Sense of congress

It is the sense of Congress that the Smithsonian Institution should make the gold medal received under paragraph (1) available for display at other locations, particularly at locations that are associated with the prisoners of war at Bataan and the troops from the United States and the Philippines who defended Bataan.


Duplicate medals


Striking of duplicates

Under such regulations as the Secretary may prescribe, the Secretary may strike duplicates in bronze of the gold medal struck under section 2.


Selling of duplicates

The Secretary may sell such duplicates under subsection (a) at a price sufficient to cover the costs of such duplicates, including labor, materials, dies, use of machinery, and overhead expenses.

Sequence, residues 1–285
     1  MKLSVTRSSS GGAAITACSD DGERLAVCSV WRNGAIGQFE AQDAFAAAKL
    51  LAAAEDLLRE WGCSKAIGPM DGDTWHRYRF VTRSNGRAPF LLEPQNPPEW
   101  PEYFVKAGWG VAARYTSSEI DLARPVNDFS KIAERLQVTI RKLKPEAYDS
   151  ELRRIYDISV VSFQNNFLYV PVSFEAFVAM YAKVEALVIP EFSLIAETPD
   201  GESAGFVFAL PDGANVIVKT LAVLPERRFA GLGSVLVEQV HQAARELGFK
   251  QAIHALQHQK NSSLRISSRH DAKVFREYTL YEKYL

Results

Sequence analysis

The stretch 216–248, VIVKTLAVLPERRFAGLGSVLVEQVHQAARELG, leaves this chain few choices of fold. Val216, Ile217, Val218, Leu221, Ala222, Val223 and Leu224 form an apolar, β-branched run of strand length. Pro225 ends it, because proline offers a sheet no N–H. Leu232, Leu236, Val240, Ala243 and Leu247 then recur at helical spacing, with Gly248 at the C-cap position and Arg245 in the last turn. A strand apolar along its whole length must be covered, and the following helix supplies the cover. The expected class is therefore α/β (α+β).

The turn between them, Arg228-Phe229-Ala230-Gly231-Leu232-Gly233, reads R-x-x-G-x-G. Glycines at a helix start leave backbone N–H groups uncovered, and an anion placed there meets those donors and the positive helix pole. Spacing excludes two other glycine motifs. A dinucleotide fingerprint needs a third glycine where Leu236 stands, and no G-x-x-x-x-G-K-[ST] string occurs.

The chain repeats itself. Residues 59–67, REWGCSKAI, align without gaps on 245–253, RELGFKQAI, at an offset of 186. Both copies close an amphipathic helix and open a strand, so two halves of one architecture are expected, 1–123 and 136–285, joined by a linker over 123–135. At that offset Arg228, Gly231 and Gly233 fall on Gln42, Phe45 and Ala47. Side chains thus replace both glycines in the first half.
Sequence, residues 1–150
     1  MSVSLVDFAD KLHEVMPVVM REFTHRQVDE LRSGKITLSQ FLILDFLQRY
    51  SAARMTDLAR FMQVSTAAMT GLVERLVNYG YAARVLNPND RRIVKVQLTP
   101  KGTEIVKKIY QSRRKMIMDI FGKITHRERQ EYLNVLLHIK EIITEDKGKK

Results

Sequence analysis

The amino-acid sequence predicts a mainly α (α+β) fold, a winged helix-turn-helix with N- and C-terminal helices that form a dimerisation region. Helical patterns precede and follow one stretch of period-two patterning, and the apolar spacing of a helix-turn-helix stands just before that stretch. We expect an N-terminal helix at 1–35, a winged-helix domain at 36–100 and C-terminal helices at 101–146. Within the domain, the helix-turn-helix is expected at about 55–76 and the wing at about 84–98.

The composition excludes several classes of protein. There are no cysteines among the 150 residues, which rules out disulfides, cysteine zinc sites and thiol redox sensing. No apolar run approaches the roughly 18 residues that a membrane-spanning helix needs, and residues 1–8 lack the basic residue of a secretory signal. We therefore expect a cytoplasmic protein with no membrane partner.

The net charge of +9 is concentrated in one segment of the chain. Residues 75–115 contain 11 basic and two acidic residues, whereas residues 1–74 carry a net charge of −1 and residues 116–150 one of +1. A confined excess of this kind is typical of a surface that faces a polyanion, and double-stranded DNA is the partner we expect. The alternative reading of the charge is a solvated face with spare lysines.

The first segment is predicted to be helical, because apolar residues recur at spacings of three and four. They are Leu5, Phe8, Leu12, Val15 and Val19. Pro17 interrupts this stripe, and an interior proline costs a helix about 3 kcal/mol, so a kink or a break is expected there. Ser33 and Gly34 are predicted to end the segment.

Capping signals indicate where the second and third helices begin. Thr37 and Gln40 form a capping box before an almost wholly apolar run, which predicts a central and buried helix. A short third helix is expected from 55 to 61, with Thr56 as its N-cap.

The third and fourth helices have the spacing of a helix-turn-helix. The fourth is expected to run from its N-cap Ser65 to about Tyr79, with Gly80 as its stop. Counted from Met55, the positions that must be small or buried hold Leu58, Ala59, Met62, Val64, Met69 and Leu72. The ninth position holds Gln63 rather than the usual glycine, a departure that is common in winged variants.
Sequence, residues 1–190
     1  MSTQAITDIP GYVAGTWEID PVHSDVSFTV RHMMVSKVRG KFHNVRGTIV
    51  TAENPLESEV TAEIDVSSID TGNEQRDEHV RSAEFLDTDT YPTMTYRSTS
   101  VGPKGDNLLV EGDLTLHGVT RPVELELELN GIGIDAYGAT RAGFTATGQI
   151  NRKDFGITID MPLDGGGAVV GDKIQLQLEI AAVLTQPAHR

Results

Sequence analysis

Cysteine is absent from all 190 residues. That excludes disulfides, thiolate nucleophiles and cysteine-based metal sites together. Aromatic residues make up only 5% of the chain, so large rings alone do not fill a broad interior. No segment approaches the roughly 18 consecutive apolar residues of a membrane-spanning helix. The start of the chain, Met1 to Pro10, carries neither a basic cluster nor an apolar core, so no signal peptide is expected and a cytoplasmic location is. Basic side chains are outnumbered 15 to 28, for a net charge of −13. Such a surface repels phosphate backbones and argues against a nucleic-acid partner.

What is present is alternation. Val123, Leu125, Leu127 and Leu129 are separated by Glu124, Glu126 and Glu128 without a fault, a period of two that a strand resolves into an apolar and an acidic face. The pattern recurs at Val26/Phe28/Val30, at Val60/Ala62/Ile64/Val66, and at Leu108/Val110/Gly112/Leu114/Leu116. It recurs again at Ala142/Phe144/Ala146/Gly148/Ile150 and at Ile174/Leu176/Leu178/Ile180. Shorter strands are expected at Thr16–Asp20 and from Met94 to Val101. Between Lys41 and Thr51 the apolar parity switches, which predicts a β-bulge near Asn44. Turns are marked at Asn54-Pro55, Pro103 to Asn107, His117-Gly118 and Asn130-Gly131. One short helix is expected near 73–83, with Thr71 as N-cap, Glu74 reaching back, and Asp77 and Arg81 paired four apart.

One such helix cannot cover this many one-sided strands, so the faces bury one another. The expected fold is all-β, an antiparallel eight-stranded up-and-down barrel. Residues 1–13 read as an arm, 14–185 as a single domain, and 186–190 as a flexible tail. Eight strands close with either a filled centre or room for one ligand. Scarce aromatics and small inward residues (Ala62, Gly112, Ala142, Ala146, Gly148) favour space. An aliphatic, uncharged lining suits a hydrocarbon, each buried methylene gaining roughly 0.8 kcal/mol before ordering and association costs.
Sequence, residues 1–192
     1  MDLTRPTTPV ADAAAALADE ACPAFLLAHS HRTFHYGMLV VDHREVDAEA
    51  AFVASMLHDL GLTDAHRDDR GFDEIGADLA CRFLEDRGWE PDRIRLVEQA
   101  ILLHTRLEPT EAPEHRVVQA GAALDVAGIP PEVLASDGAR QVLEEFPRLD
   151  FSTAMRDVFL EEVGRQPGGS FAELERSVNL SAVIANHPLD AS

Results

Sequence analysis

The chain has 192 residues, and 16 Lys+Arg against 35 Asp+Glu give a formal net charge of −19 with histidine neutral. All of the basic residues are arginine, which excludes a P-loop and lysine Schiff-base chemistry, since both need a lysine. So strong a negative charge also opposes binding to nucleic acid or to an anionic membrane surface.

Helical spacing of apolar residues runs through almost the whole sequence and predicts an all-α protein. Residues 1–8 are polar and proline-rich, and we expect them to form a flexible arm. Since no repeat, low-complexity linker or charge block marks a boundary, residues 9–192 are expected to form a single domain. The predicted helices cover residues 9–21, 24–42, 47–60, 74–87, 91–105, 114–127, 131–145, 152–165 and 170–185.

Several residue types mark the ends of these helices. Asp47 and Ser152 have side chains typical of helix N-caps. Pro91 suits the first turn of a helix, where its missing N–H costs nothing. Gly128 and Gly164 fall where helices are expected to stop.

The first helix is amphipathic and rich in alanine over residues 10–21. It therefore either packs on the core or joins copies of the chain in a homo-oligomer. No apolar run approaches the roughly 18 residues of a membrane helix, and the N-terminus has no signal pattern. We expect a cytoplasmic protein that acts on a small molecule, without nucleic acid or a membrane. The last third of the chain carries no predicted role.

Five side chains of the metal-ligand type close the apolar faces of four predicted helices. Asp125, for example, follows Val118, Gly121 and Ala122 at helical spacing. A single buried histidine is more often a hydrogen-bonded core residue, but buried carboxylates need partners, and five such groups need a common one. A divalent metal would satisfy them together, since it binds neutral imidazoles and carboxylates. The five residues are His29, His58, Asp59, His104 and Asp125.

Proceeds of sale

Amounts received from the sale of duplicate bronze medals under subsection (b) shall be deposited in the United States Mint Public Enterprise Fund.


Status of medals


National medals

Medals struck under this Act are national medals for purposes of chapter 51 of title 31, United States Code.


Numismatic items

For purposes of section 5134 of title 31, United States Code, all medals struck under this Act shall be considered to be numismatic items.


Authorization of appropriations

There is authorized to be charged against the United States Mint Public Enterprise Fund, an amount not to exceed $30,000 to pay for the cost of the medal authorized under section 2.